Red Right Hand: CRY
*He is not a secret agent. Not at all.

 

CRY

Inspired by my colleagues at CBR, I've decided to take their idea and give it a predictable tweak. So rather than Six Comics That Made Me Cry, here's Six TV Episodes That Made Me Get A Little Misty.

These may be a little spoilery, so don't read past the title if you haven't actually seen it.

1. HOMICIDE: LIFE ON THE STREET: "Crosetti"
Detective Crosetti's dead. Found out in the water. And it was very probably suicide. Religiously, he's going to hell. Departmentally, he's not getting a police funeral.

Pembleton has problems with both. He's losing his faith in God and won't go to the church for the service, but when the funeral procession makes it's way (on foot, New Orleans style) past the station house, Pembleton's standing out front, along, at attention in his dress blue and crisp white gloves, giving Crosetti the last salute he deserves. Screw the church. Fuck the department. Don't have faith in things, have faith in people.

2. DOCTOR WHO: "Family of Blood"
Doctor Who, believe it or not, can do this. Because it is so fucking well written and benefits from dwelling in the darkness that seems to be required and expected of modern science fiction. I decided, though, to only highlight one from this series and it's good one, because it keeps kicking you when you're down. And that's "Family of Blood."
At the end, the Doctor sees the life he'll never get, the one he gave up. He says good bye to the woman he could love, but invites her to join him on his journeys and perhaps rediscover John Smith in him. She says no.

Then he visits the boy who's life he eventually saved in World War I with the gift of a watch..at the end of that boy's life, at a veteran's remembrance in the our present, he remains in the distance as Martha pins a poppy on his lapel...and the look of wonder, recognition and comfort in that old man's face...sniff.

3. STAR TREK: THE NEXT GENERATION: "The Inner Light"
Picard gets the life he never had, but it never really happened...not to him. Zapped by a space probe from a dead world, Picard learns about their civilization in the best way possible, by living the rest of his life in it.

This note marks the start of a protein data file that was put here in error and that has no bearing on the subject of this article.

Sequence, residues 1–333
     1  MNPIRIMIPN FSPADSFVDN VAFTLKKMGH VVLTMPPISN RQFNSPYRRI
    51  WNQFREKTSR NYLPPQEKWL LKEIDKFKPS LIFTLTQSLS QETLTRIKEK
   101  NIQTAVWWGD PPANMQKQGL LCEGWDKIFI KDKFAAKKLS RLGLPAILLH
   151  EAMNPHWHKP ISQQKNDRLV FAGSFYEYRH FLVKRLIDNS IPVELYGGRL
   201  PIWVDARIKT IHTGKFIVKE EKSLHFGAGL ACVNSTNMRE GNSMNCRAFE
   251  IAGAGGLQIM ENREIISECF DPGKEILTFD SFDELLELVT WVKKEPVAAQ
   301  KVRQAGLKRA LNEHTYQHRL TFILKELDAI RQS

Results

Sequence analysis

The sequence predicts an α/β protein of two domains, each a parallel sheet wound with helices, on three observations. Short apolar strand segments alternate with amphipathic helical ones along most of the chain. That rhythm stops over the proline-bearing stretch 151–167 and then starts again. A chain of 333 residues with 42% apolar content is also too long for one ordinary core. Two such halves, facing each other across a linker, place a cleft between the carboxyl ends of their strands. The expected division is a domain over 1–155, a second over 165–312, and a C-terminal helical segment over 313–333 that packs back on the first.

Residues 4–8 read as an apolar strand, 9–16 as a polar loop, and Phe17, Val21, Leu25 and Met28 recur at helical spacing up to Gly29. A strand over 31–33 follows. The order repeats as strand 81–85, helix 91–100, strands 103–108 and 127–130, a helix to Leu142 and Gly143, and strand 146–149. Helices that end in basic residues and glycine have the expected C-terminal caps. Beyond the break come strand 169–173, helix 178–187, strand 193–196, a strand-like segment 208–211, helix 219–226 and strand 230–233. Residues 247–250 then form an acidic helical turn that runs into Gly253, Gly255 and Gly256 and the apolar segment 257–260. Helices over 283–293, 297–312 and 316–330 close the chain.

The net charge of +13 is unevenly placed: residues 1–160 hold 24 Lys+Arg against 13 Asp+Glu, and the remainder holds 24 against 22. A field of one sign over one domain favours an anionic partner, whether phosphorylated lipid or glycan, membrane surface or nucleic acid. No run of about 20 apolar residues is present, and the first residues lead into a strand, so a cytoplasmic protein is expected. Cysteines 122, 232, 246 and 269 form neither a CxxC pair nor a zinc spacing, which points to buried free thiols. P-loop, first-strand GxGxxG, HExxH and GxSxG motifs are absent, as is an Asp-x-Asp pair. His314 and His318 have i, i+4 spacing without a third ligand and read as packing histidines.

His life was a happy one, but his planet is dying

4. HOUSE: "Wilson's Heart"
If you've lost someone, or even just fear it...there's a certain element of unexpectedness. Maybe someone's died in a car accident and they're just ripped away. Even when someone has a terminal illness, it goes on for a bit, and though you knew it was coming, when they finally pass...it still seems sudden. It's easy and painful to put oneself in Wilson's situation. You're in love with this woman. You get her, she gets you. It works. And she's going to die. Not like she's going to die sometime soon...she's going to die in the next five minutes. You have five minutes.

After losing someone, you think that you'd give anything for five more minutes. Those five minutes are going to hurt.


5. STAR TREK: DEEP SPACE NINE: "The Visitor"
Okay, last sci-fi one. I promise.

This is one of the best kind of story. it's intensely personal and emotional and explores character so well, though entirely impossible means. This one's though time travel and possible futures. Jake Sisko spends the rest of his life, from teenager to old age (older Jake played so fucking perfectly by Tony Todd) trying to save his father, who after an accident, is hurtling through time.

His father, Captain Ben Sisko, periodically and tantalizingly, has appeared to Jake. For a minute or two, they're together again. Maybe this time, he'll stay. He'll be free of the time anomaly, but then he vanishes.

Jake realizes he's tethered to Jake though time and that the only way he'll break free is if Jake dies. Ben appears to Jake one last time and Jake has given himself a lethal hypospray and advises Ben to dodge the accident that happened decades ago. Elderly Jake dies in the arms of his father.

This is Michael Taylor. This guy, you may know from Battlestar Galactica, is the shit.

I recall, some years ago, there was a TV guide poll as to the best episode of all the Star Trek series. Surprisingly...or maybe not...this one came out on top.

6. OZ: "A Day in the Death..."
Though, yeah, he killed a guy, you can't help but to empathize with Cyril, who is scheduled to doe tonight. Why, because since he committed that crime, he suffered a brain injuries and know has the mind of an eight year-old. He doesn't even understand that he's going to be executed. And his loving brother (and fellow inmate), Ryan, can't do a fucking thing about it.

You got one? That you'll admit to?

And as a bonus...not TV, but watch this. This can be used as, like, a cry weapon or something.
©2016 Michael Patrick Sullivan